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Custom Data

The SaveLoadManager class keeps track of all savable objects in the scene and collects their state in a background process so when the Save() method is invoked, it contains all the information required to successfully perfom the oepration.

In order to let the SaveLoadManager know what objects it needs to keep track of the developers need to implement the IGameSave interface on each object that contains data to save.

As soon as the object is available, it must call the Subscribe(reference: IGameSave, priority: int) method. Likewise, when the object is destroyed it should call Unsubscribe(reference: IGameSave).

The IGameSave interface

The IGameSave interface requires to fill the following methods and properties:

  • string SaveID: Gives an id that uniquely identifies this data
  • bool IsShared: Tells whether this data is shared across all save games
  • Type SaveType: Returns the type of the object to be serialized and stored
  • object SaveData: Returns the instance of the object that's going to be saved
  • LoadMode LoadMode: Define whether loading happens following a Greedy or a Lazy format
  • void OnLoad(object value): Callback for when the game is loaded

In order to understand better how this works, it's better to demonstrate this with an example.

Let's say that in our game we have one single chest in a scene that the player can only open once.

public class MyChest: MonoBehaviour
{
    public bool hasBeenOpened = false;

    public void OnOpen()
    {
        Debug.Log("Do something, like giving a potion to player");
        this.hasBeenOpened = true;
    }
}

In order to keep track of whether the chest has been opened or not, we implement the IGameSave interface on the component that defines the behavior of the chest:

public class MyChest: MonoBehaviour, IGameSave
{
    public bool hasBeenOpened = false;

    public void OnOpen()
    {
        if (this.hasBeenOpened) return;

        Debug.Log("Do something, like giving a potion to player");
        this.hasBeenOpened = true;
    }

    // The id for this save game is 'my-chest'
    public string SaveID => "my-chest";

    // This save should not be shared across multiple slots
    public bool IsShared => false;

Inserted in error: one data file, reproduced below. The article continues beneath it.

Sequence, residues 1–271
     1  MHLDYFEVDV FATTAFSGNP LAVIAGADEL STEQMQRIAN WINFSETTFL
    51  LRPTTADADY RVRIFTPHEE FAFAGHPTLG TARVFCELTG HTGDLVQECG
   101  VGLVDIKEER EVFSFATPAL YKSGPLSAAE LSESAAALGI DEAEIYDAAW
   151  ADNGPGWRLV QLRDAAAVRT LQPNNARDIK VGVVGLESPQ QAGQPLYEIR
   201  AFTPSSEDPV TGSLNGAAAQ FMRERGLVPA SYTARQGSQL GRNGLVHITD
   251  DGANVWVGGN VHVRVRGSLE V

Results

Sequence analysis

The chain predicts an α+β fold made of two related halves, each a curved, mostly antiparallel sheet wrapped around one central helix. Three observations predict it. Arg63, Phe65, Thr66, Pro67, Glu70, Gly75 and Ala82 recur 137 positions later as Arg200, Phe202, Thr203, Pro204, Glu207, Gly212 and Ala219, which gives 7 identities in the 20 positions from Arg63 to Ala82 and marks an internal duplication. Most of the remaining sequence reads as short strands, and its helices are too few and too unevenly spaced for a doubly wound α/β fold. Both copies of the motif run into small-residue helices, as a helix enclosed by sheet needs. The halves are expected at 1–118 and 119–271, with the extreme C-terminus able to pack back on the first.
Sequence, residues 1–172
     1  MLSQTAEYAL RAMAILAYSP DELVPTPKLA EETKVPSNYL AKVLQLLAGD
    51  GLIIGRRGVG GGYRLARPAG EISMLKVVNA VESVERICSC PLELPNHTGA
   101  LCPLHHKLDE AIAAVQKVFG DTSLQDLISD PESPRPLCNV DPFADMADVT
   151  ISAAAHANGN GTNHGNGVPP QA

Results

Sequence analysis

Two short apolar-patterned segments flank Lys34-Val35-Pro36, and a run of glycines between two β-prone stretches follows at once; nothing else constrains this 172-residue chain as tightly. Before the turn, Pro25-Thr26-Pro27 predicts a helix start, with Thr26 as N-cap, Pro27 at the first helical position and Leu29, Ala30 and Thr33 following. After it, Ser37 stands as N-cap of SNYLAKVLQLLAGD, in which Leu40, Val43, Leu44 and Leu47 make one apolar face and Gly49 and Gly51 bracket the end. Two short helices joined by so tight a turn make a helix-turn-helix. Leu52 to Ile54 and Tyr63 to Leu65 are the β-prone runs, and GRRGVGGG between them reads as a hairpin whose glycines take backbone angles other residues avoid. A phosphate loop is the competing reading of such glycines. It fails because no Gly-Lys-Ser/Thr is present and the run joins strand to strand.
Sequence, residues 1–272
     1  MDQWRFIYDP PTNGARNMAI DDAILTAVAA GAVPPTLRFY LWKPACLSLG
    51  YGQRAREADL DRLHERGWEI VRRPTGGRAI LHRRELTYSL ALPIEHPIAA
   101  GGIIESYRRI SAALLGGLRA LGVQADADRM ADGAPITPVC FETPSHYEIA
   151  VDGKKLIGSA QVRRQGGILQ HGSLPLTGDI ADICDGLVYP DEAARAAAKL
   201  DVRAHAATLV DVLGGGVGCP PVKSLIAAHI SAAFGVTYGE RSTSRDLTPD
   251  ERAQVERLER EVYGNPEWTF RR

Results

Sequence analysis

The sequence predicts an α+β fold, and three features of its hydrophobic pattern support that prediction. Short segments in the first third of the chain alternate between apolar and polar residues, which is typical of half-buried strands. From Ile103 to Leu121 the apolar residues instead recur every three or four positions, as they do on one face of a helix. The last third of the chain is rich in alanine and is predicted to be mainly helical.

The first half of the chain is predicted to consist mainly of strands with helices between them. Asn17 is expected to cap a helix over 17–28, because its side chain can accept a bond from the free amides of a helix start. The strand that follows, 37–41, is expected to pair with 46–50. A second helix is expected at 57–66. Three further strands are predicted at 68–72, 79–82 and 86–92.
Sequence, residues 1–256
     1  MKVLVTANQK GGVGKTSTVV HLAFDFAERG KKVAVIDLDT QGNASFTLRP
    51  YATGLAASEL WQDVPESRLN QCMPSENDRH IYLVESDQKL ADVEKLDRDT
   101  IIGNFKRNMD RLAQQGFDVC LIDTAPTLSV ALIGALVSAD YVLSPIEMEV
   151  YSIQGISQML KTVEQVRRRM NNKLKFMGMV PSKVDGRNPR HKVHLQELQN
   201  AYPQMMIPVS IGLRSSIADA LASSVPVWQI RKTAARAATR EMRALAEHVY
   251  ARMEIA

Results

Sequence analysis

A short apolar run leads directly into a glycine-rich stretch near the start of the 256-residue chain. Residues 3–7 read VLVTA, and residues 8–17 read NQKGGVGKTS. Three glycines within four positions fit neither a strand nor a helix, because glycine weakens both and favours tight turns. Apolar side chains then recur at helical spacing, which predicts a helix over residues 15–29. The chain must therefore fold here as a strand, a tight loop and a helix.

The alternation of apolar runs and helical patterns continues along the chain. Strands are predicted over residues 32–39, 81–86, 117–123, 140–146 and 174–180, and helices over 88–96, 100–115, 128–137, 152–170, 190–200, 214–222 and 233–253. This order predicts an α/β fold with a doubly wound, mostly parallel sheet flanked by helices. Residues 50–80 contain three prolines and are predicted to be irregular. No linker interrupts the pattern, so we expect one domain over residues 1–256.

// The object type we're going to be saving
    public Type SaveType => typeof(bool);

    // The value we're going to store
    public object SaveData => this.hasBeenOpened;

    // The loading mode should be set as lazy
    public LoadMode LoadMode => LoadMode.Lazy;

    // When loading the game, restore the state
    public void OnLoad(object value)
    {
        this.hasBeenOpened = (bool)value;
    }
}

Most fields should be self explanatory. It is importnat to highlight though, that it's up to the developer to implement how the state is restored. The OnLoad(object value) is called when a game is loaded, and the value parameter is the value from a previously saved game. It's the developer's responsability to cast the object value to a valid type and assign the values to whichever fields are necessary.

The Load Mode is a tricky concept. It's an enum that allows to choose between two options:

  • Lazy: This should be the default option for 90% of the cases. When this option is selected, the save and load system will restore the state of an object when this object is created. Not before.
  • Greedy: This requires a persistent object that survives cross-scene transitions (set as DontDestroyOnLoad() method). Most commonly used with singleton patterns, this mode forces the load as soon as the event is triggered.

Subscription

Now, all that's left to do is tell the SaveLoadManager to keep track of this component as soon as it's initialized, and unsubscribe from it when the component is destroyed. Following the previous example, we implement the OnEnable() and OnDisable() Unity methods to subscribe and unsubscribe respectively:

public class MyChest: MonoBehaviour, IGameSave
{
    public bool hasBeenOpened = false;

    void OnEnable()
    {
        _ = SaveLoadManager.Subscribe(this);
    }

    void OnDisable()
    {
        _ = SaveLoadManager.Unsubscribe(this);
    }

    // IGameSave implementation below
    // ...
}

This gives all the necessary information to the save and load system about the life-cycle of this object so it can keep track of its state progress. If your object is never destroyed and survives scene transitions, you can skip the unsubscription.

To wrap things up, here's the full script of the example:

public class MyChest: MonoBehaviour, IGameSave
{
    public bool hasBeenOpened = false;

    public void OnOpen()
    {
        if (this.hasBeenOpened) return;

        Debug.Log("Do something, like giving a potion to player");
        this.hasBeenOpened = true;
    }

    void OnEnable()
    {
        _ = SaveLoadManager.Subscribe(this);
    }

    void OnDisable()
    {
        _ = SaveLoadManager.Unsubscribe(this);
    }

    public string SaveID => "my-chest";
    public bool IsShared => false;

    public Type SaveType => typeof(bool);
    public object SaveData => this.hasBeenOpened;

    public LoadMode LoadMode => LoadMode.Lazy;

    public void OnLoad(object value)
    {
        this.hasBeenOpened = (bool)value;
    }
}

The hasBeenOpened property will always return false if the OnOpen() method has never been executed, but will return true if it has at some point. If the user saves and loads back the game, its value will be kept.

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